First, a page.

In “Wolf Like Me,” Josh Gad plays Gary, a widowed father, struggling to raise his troubled 11-year-old daughter Emma (Ariel Donoghue). When Mary (Isla Fisher) literally crashes into their lives, Gary’s astounded to see how quickly Mary can reach his anxiety-riddled kid. Soon an emotional love affair takes off. But, Mary can’t escape into the fantasy family because she’s carrying around a potentially deadly secret that the six-episode show’s title hints at. But no matter how fast or far Mary runs, the universe keeps shoving Gary into her path.
Abe Forsythe, best known for writing “Little Monsters,” a charming 2019 movie that imagines zombies threatening a kindergarten class, brings werewolves to the classic rom-com in “Wolf Like Me,” whose six half-hour episodes all drop on Peacock on January 13. Forsythe’s writing brings out the best in Gad. Usually relegated to over-the-top caricature, a role he’s performed well over the years, Gad here stretches his wholesomeness to showcase a range of pain, confusion and anger. Fisher shines here as well. It’s been over a decade since her fabulous turn as Rebecca Bloomwood in “Confessions of a Shopaholic.” But Fisher’s always possessed the talent of a leading lady in projects like “The Great Gatsby” and “Arrested Development.” Here, she plays up a tender heart hiding behind wall of quick-witted jokes.
Donoghue, as the suicidal and depressed Emma, proves an impressive talent to watch. Holding her own with veterans in a subdued role would be a challenge for any actor. She flashes a sliver of hope waiting for Gary to be honest about his feelings, and her panic attacks are frighteningly authentic.
As an advice columnist, Mary attempts to understand both Gary and herself through her practice. Instead of responding to letters sent to her, Mary writes letters based on her own life experiences under the signature M. In voiceover, she removes the specific details of her struggle to connect with Gary and writes a broader letter that might be about anyone with a secret they fear will be discovered. Her columnist handle is Adelaide, named for the town she hoped would provide answers to her dangerous predicament.
As Adelaide, she waxes about the rewards of confiding in a person who wants to love her. She recites one of these letters impromptu as Gary first spills his heart out to her. This is the place they both first share the cracks in their veneer. Throughout the series, the phrase “that’s how the light gets in,” appears just as characters throw up walls. The series opens with the quote from Groucho Marx, “Celebrate the crack in life, because that’s how the light gets in.” Cut to poor Gary getting dumped after three months for not being able to open up emotionally. Later, Leonard Cohen’s “Anthem” expresses the same thought beautifully when Molly fails to trust her feelings for Gary. Cohen croons the lyrics, “Ring the bells that still can ring, Forget your perfect offering, There is a crack, a crack in everything, That’s how the light gets in.”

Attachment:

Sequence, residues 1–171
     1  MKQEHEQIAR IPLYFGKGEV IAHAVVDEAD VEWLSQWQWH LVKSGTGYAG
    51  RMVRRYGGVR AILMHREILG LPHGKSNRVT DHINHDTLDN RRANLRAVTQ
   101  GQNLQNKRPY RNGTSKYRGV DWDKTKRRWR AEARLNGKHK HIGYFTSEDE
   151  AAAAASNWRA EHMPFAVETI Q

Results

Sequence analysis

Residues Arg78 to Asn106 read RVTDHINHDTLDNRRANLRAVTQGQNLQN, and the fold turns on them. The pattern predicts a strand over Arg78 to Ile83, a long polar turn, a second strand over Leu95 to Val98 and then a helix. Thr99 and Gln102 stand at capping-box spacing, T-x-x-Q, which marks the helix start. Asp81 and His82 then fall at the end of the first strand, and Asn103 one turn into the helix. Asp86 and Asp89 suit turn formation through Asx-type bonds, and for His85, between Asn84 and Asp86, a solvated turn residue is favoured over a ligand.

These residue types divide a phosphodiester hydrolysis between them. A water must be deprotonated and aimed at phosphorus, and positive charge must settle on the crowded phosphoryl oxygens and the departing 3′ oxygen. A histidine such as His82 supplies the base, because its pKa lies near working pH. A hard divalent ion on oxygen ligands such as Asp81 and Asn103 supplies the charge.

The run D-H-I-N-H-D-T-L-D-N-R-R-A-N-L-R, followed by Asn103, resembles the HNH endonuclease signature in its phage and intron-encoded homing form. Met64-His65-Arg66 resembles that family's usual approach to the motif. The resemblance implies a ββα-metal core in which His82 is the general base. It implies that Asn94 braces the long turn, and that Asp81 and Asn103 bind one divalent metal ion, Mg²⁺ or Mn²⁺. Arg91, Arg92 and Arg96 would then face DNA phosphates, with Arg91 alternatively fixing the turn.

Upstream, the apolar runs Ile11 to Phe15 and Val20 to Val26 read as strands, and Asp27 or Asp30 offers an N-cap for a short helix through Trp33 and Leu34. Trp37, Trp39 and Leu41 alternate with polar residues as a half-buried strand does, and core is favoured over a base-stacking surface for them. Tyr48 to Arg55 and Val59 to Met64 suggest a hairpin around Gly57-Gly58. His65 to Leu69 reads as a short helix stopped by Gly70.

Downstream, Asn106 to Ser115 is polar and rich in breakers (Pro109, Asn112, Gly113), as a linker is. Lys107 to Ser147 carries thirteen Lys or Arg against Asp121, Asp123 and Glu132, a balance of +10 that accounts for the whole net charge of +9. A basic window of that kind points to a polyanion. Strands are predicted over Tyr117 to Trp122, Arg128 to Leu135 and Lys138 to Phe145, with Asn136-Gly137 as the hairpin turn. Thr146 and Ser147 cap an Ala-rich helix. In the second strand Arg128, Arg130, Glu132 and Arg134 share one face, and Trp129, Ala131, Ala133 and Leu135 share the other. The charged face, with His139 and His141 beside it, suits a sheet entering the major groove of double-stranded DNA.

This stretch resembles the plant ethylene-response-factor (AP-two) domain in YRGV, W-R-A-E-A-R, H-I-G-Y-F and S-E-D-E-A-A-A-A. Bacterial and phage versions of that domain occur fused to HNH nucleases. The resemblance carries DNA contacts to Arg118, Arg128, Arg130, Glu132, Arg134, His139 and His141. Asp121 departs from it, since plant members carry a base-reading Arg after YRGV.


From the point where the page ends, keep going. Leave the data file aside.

The show maintains a similar tongue-in-cheek tone throughout. When Gary’s daughter attempts suicide, her aunt brings her a stuffed wolf as a guardian angel of sorts. Gary, who wears a poorly constructed mask of happy parenthood, spends the first two episodes literally running after Mary, in an attempt to hold on to the comfort and ease she so suddenly brought to his life. When Gary discovers her secret, Mary packs a go-bag in a hurry and bolts right past an image of Zeus in swan form attacking Leda. This image creates a personification of Mary’s fear of hurting Gary.
Traditionally, werewolves were used to make sense of the unexplainable. Gruesome deaths deep in the dark forest heaped on men tragically turned into toothy beasts at the behest of the full moon. Tragic for everyone involved and impossible to catch, the people believed lycanthropy was a witch’s curse. Forsythe modernizes the myth. There is no witch. The universe, a delightfully present character throughout the series, isn’t punishing Mary. Instead, any character inflicted with pain is tasked only with healing the wound and trusting oneself.
“Wolf Like Me” is about the secrets humans carry deep within, the kinds that sneak up on us mid-conversation; humiliation so painful it’s hidden even from the person tortured into withholding it. These secrets and fears cause the carrier to think of themself as a monster, and though the show does deal with werewolves, “Wolf Like Me” isn’t interested in monsters. It’s simply dealing with the painful truth that vulnerability, one of the most painful human experiences, is the glue that binds us.
Like “Little Monsters,” “Wolf Like Me” tends to linger too long. Perhaps the blame goes to Forsythe for trying to give his performers space to emote, but nearly a minute and a half of reaction shots expressing a foregone conclusion can be wearying. Gad and Fisher possess wholesome chemistry that makes the heart swell. It’s a lovely exploration of the human journey to accept and love our inner monsters.
“Wolf Like Me” begins streaming on Peacock on January 13.